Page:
Flatten the Curve with Digital Resiliency
With vaccines being slow to roll out, uncertainty about a potential third wave, countered by optimism about economic recovery in the second half of the year, all serve to make digital transformation planning difficult for Canadian organizations. However, IDC's research shows that digitally transformed companies can quickly flatten the recovery curve, enhance digital resiliency, and better position for success post-COVID. In 2021, you will hear the term digital resilience much more frequently.
Defining Digital Resilience
First, what is Digital Resiliency? It is the ability for an organization to rapidly adapt to business disruptions by leveraging digital capabilities to restore business operations and capitalize on the changed conditions. To enable resiliency, IDC breaks tech investments on two fronts: digital core investments and digital innovation investments. The digital core does not go away, but it becomes more about operational efficiency. On the innovation side, it is about defense and offense – businesses are both adapting and accelerating digital programs to meet new requirements. On the defense side, the pandemic exposed many weaknesses, and they will need to be addressed. But on the acceleration side, it is about business model innovation and capturing new market share. By this, we mean targeted investments in digital transformation tools. These are not investments just in the IT department; these are changes to how we conduct business at the front line. The crisis has broken old paradigms and forced Canadian C-level executives to confront the fact that their legacy processes were not state-of-the-art.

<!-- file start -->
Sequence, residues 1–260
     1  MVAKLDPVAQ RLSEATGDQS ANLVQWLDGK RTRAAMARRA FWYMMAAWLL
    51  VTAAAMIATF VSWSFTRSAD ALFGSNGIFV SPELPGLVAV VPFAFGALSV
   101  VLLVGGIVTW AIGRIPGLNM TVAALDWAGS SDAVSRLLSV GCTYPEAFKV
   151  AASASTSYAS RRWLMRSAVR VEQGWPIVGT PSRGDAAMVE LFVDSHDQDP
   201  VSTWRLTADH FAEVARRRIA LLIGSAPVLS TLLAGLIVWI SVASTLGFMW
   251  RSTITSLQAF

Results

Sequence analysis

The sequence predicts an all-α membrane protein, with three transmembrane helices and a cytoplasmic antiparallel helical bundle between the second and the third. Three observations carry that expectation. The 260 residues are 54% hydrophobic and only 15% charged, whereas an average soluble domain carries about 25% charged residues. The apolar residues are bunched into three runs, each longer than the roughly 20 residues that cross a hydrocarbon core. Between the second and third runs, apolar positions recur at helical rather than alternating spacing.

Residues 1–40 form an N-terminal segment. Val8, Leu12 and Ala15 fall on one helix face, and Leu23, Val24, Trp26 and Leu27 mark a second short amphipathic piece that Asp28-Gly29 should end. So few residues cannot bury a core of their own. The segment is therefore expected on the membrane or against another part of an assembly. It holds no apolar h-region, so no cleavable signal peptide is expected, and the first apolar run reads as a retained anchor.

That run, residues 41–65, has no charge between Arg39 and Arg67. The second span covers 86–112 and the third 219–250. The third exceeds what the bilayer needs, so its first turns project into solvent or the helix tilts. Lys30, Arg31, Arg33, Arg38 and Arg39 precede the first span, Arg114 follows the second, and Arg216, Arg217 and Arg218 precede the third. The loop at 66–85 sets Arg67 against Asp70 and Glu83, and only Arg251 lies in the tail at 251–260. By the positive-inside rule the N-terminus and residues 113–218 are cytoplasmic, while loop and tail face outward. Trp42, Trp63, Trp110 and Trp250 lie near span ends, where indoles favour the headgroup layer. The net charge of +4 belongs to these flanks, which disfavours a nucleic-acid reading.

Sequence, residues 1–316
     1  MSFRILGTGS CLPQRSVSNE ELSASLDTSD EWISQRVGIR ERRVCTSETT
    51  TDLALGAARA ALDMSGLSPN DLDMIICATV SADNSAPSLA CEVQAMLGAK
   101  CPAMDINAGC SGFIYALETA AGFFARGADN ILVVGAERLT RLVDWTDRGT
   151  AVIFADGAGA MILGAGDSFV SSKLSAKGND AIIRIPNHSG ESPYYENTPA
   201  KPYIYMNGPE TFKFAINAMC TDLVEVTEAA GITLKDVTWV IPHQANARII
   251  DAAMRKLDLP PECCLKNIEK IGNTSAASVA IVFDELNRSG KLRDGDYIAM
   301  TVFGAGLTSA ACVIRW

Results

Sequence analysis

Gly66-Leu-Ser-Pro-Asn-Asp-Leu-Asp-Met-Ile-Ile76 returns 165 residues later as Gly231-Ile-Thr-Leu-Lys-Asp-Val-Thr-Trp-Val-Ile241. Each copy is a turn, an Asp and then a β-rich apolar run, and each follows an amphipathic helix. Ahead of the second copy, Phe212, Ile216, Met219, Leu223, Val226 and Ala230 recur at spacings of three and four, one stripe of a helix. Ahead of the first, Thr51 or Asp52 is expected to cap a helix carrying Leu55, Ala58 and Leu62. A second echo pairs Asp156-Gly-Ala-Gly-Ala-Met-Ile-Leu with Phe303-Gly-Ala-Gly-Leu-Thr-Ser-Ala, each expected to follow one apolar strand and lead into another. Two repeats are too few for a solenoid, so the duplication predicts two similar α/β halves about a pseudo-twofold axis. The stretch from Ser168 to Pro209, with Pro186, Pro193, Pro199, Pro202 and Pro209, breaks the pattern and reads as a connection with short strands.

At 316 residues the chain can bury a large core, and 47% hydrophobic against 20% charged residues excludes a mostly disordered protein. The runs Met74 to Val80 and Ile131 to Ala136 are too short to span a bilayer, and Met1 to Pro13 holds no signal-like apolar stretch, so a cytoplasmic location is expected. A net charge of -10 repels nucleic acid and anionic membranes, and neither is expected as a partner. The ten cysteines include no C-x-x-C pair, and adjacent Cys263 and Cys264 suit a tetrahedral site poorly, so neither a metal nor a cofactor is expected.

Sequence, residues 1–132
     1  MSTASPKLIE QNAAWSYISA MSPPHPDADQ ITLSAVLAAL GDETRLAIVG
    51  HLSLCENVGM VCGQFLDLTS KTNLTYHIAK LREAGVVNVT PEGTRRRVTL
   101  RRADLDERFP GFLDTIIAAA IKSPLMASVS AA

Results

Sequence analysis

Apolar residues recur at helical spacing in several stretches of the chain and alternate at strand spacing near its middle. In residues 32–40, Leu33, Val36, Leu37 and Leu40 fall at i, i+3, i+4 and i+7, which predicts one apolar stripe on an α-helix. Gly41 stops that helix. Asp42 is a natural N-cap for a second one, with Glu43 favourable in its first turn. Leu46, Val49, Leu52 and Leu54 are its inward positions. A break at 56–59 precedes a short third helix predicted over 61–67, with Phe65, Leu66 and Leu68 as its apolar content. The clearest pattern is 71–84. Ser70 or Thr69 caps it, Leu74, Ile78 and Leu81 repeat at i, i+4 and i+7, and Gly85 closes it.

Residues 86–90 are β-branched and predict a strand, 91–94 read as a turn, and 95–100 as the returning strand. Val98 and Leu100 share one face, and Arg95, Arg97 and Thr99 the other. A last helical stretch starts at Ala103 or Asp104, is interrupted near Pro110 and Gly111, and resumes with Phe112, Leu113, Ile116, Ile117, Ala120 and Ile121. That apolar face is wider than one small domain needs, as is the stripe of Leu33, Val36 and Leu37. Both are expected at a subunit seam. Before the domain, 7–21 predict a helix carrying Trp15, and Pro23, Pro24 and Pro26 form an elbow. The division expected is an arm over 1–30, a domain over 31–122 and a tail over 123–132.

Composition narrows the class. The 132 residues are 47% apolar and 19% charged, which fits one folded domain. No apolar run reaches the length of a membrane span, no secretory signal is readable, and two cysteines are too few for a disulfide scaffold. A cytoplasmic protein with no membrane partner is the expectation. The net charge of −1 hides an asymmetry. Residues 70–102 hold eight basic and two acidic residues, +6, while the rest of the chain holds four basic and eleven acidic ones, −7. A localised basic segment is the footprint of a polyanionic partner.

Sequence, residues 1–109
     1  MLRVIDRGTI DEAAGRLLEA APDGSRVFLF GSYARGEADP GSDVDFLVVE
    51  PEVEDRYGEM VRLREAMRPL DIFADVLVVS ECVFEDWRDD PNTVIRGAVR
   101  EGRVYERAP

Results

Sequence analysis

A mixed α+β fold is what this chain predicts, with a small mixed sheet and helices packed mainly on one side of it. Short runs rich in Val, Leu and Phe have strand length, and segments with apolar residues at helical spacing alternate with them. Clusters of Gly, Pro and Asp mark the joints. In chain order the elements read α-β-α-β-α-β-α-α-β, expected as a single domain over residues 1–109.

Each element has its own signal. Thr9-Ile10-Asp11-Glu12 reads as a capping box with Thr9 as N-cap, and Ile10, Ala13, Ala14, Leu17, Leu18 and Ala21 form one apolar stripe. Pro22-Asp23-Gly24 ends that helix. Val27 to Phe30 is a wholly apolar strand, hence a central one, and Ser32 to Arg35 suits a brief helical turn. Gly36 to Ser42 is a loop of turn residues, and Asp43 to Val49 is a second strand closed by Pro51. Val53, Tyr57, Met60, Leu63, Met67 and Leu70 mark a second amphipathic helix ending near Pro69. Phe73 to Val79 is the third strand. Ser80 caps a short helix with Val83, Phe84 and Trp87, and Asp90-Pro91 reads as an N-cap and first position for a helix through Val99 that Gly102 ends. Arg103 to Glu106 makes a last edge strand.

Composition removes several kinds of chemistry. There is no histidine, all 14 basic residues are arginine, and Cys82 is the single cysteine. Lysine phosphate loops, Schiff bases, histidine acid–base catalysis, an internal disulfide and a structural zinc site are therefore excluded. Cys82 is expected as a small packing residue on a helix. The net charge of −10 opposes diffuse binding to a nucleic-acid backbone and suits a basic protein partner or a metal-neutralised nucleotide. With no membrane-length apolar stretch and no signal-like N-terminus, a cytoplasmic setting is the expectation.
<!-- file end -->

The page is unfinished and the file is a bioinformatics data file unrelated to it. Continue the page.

Industry Examples are Everywhere
A compelling example of this is how Manulife’s pre-pandemic investments in digitization helped smooth the frantic months following the lockdowns. While the insurance company’s Asian operations acted as a canary in the coal mine, alerting head office executives of the severity of the crisis, the $600 million that had been invested in digital initiatives between 2018-2020 enabled the company to continue its operations virtually. That was the crucial foundation for Manulife’s COVID-19 rush to digital. As CEO Roy Gori said at the time, “Manulife has done more to advance digitization in the past five months than in the previous five years, and more than 90% of products can now be sold digitally.” In fact, by the summer of 2020, 97% of Manulife’s products in Canada and Asia could be sold and delivered online. Almost 81% of their transactions are being completed without human intervention and 93% of claims are submitted digitally. This is not a one-time event. As Manulife CEO Roy Gori said “We will see a huge lift in using digital as a way of interacting in our industry. A lot of what we have seen emerge in recent months will definitely stick. I don’t see a massive reversion away from digital.”
It’s not just financial services that are preparing for a new way of delivering their products and services. Think of Walmart Canada's recent $3.5B billion-dollar announcement to build the "stores of the future" featuring digital shelf labels, shelf scanners, robotics, computer vision cameras, and new checkout experiences. Stores need to be rethought. Walmart is aiming to turn them into both micro-distribution centres for local delivery, but also reduce labour costs while reinventing the customer experience.